How I Got My Agent: Julie Kibler

“How I Got My Agent” is a recurring feature on the Guide to Literary Agents Blog, with this installment featuring Julie Kibler, author of the literary fiction debut novel, CALLING ME HOME (2013). These columns are great ways for you to learn how to find a literary agent. Some tales are of long roads and many setbacks, while others are of good luck and quick signings. GIVEAWAY: Julie is excited to give away a free copy of her novel to a random commenter. Comment within 2 weeks; winners must live in Canada/US to receive the book by mail. You can win a blog contest even if you’ve won before. (Update: alshultz won.)
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“How I Got My Agent” is a recurring feature on the Guide to Literary Agents Blog, with this installment featuring Julie Kibler, author of the literary fiction debut novel, CALLING ME HOME (2013). These columns are great ways for you to learn how to find a literary agent. Some tales are of long roads and many setbacks, while others are of good luck and quick signings. If you have a literary agent and would be interested in writing a short guest column for this GLA blog, e-mail me at literaryagent@fwmedia.com and we’ll talk specifics.

GIVEAWAY: Julie is excited to give away a free copy of her novel to a random commenter. Comment within 2 weeks; winners must live in Canada/US to receive the book by mail. You can win a blog contest even if you’ve won before. (Update: alshultz won.)

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Julie Kibler’s debut novel, CALLING ME HOME (St. Martin’s, Feb.
2013) was selected by the American Booksellers Association for the
February 2013 Indie Next List. She began writing the novel after learning
a bit of family lore: As a young woman, her grandmother fell in love
with a young black man in an era and locale that made the relationship
impossible. When not writing, Julie enjoys travel, independent films,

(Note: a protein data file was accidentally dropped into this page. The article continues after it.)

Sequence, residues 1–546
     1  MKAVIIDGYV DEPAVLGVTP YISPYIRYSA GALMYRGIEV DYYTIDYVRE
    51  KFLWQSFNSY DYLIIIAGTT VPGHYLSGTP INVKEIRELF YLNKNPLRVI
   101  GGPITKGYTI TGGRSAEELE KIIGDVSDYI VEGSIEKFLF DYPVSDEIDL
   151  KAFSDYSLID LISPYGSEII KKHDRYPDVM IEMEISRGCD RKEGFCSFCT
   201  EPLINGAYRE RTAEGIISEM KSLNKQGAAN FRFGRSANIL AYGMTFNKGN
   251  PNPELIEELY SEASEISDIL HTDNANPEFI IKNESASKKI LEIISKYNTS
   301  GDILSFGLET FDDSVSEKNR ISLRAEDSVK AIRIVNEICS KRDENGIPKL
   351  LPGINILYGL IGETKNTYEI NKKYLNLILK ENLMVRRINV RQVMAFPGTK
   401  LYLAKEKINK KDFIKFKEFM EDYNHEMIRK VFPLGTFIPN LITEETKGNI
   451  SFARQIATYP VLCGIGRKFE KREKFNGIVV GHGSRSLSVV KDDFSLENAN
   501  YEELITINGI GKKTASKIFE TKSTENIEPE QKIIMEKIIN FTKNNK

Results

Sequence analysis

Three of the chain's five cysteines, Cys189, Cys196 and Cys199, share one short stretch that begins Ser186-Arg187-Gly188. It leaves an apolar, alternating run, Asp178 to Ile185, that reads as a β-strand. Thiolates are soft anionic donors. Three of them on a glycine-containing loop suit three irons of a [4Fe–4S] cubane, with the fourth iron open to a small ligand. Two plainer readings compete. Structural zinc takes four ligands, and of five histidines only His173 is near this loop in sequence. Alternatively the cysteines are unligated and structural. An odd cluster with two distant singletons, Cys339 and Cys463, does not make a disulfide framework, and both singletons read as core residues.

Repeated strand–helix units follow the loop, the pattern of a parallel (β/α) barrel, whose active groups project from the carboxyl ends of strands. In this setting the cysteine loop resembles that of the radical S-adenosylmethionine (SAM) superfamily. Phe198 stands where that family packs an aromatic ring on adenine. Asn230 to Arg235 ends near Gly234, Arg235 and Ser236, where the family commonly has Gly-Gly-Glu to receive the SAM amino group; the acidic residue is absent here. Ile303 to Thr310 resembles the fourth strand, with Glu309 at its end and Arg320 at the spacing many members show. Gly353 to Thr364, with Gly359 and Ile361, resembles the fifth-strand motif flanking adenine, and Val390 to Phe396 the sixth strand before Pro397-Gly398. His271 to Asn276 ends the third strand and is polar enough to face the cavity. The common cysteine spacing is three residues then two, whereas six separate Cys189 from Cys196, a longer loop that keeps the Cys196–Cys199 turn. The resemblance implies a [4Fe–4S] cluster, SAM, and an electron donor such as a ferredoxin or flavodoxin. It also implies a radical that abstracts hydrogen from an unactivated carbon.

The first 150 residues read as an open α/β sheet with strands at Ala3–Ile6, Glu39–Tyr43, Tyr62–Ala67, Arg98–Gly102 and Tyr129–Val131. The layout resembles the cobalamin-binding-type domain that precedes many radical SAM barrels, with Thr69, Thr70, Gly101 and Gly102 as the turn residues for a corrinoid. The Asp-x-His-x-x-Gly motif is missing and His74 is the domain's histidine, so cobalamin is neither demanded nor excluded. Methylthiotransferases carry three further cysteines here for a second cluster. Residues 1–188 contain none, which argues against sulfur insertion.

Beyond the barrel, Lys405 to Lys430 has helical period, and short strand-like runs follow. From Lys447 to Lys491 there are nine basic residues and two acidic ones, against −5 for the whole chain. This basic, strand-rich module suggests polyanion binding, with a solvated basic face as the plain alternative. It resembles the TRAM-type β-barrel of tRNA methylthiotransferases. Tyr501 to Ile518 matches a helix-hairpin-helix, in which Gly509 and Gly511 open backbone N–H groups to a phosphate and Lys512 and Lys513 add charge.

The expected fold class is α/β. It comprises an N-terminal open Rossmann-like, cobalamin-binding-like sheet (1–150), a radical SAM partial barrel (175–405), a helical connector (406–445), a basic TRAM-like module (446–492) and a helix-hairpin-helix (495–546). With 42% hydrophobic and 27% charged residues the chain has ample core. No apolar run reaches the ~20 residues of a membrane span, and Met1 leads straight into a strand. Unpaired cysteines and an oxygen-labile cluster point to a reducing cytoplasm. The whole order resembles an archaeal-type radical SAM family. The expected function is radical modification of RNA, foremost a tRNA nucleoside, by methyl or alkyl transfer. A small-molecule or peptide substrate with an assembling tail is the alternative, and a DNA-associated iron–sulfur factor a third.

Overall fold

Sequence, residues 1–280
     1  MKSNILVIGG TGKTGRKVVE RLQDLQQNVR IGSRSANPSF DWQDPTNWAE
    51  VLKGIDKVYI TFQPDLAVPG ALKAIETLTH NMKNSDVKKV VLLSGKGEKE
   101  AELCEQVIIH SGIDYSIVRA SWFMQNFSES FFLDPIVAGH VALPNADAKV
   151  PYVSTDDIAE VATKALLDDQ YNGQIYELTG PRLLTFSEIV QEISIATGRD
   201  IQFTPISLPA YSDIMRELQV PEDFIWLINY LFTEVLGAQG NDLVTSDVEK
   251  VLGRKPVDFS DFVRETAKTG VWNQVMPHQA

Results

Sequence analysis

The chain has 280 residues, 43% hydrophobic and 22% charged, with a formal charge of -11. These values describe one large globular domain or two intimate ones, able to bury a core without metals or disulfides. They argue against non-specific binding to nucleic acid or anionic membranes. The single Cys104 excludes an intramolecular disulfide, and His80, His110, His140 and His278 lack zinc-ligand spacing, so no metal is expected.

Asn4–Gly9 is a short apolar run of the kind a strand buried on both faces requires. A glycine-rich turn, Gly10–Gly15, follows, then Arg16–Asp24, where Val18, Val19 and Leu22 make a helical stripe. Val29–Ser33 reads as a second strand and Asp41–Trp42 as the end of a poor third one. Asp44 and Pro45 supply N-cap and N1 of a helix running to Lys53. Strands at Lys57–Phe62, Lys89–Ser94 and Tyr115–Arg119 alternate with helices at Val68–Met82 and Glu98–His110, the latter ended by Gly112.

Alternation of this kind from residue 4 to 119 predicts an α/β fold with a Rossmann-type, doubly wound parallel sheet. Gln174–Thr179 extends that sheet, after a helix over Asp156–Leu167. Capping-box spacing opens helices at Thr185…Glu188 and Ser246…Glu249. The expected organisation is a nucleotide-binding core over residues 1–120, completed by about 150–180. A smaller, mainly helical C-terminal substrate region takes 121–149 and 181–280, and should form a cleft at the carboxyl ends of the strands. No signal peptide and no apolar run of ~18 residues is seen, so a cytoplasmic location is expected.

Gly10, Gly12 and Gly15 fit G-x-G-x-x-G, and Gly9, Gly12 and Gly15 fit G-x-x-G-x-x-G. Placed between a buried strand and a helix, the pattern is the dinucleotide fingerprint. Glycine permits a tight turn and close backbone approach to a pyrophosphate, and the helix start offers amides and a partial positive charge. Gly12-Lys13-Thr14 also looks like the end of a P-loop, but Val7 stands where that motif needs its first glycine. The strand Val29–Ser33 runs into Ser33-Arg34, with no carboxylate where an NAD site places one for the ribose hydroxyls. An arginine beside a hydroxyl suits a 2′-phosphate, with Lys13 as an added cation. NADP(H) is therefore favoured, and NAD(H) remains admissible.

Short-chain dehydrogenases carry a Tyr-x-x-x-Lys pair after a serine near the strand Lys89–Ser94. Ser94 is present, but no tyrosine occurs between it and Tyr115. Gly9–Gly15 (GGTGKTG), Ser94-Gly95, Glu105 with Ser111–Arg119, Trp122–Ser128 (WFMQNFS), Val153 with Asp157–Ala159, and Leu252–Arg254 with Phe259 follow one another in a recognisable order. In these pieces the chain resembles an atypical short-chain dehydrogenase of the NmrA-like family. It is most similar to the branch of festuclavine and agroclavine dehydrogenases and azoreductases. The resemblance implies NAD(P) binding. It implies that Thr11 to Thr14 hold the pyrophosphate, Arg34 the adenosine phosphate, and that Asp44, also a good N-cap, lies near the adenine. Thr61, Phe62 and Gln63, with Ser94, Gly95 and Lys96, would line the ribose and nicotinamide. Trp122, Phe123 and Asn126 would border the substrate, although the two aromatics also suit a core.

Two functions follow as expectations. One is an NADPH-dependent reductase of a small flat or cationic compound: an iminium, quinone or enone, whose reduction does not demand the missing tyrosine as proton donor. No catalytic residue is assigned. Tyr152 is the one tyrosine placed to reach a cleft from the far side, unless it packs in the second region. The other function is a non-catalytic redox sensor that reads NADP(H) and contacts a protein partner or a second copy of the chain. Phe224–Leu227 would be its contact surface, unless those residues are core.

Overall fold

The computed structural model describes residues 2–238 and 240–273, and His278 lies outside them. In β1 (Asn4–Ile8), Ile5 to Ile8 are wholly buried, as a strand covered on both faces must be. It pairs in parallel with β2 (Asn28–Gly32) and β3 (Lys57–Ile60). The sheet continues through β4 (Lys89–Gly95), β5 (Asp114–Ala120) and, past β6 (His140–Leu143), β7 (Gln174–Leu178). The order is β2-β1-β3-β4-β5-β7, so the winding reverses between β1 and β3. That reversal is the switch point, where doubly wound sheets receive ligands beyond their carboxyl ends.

music, photography, and corralling her teenagers and rescue dogs.
She lives in Arlington, Texas and blogs for What Women Write.
Find her on Twitter

THE TIMING

I began seeking representation for my debut novel, Calling Me Home, in late June of 2011. I had queried a previous manuscript between 2009 and 2010, and I put it away after about nine months of rejections. I was already writing Calling Me Home by then, and I had a strong sense it was the direction I needed to be going with my writing brand. I admitted to myself fairly easily that the manuscript I’d been querying was my “practice novel.” This is a strong vote for the advice frequently given to aspiring writers to start writing something new while you’re waiting. If you do have to give up on the older project, being vested in a new one means it doesn’t hurt so much to move on.

(See a growing list of fiction agents.)

RESEARCH ... AND A GUT FEELING

Once I finished writing and revising Calling Me Home, I pulled out the list of agents I’d already researched during my first round of querying. Elisabeth Weed of Weed Literary was my dream agent and number one pick the first time, and nothing had changed. I had noted, then kept an eye on the quality and caliber of the authors she worked with, and I knew her small agency was the one I wanted.